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#### Notes by Category University Engineering

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# The Second Law of Thermodynamics

In this notes sheet...

The second law is used for a number of important calculations: finding temperature differences, reversibility, and efficiency of reversible vs irreversible heat engines.

## Reversible & Irreversible Processes

Let us take the classic example of a quasi-equilibrium expansion:

If the mass on the piston is made up of a vast number of minuscule weights, like sand, removing a single grain pushes the piston up ever so slightly. The change is so small, that the return to equilibrium is almost instant.

For each grain of sand removed, we have an additional point on the P-V diagram – as pressure decreases, volume increases.

This process is reversible

It is reversible, because if we return the grains of sand one at a time, the piston will move down by the same amount. We neglect friction or leakage.

If, however, the weight consist of one large mass, and this is removed, the process is not in quasi-equilibrium.

The process is irreversible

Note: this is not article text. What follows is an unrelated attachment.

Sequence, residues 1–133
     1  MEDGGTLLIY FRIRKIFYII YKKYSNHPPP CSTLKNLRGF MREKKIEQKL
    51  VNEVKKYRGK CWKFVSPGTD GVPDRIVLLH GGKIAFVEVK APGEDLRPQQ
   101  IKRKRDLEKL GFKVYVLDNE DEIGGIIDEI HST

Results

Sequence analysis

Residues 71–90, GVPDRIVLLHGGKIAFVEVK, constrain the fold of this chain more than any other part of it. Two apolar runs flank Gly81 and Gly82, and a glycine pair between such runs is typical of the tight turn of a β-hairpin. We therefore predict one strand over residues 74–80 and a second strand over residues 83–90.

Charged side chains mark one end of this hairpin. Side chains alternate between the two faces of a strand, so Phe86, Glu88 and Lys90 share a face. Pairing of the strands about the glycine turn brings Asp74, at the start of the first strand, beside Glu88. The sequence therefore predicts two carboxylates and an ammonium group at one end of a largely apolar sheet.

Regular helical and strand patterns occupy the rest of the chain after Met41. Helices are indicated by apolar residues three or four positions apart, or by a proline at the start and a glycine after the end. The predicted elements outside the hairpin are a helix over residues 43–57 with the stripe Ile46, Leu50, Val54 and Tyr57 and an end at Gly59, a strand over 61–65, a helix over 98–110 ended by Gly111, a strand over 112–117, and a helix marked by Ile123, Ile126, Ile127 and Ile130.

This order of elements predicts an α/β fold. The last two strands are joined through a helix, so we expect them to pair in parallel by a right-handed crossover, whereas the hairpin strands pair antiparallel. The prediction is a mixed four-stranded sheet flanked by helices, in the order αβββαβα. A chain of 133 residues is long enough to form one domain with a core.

In this example, the expansion itself is quasi-equilibrium, as we have returned to the grains of sand. However, when the piston hits the top or bottom stoppers, it makes a sound, releasing energy. This energy cannot be gotten back, so

The process is irreversible

### What makes a process irreversible?

• Friction

• Unresisted expansion

• Heat transfer to surroundings

• Combustion

• Mixing of different fluids

Clearly, then, the majority of real-life processes are irreversible.

## The Second Law

Take the example of a spindle rotating in a container:

Spindle rotates

• Gas in container heats up

• Heat from gas is conducted through container and heats up the surroundings

If we reverse this:

Surroundings are heated

• Gas inside container heats up

• Spindle does not start rotating

We know from experience that this is the case, but why?

This is where the second law comes in:

Heat cannot be transferred from a cold body to a hotter body without a work input.

This is the all-important idea of direction: some things are allowed backwards as well as forwards, but many things are only allowed forwards.

## Heat Engines & Efficiency

A heat engine is a device that connects a hot and cold reservoir with a work input or output.

From the first law:

The second law is often also used to describe efficiency, η:

Using the equation from the first law above, the efficiency can also be written as: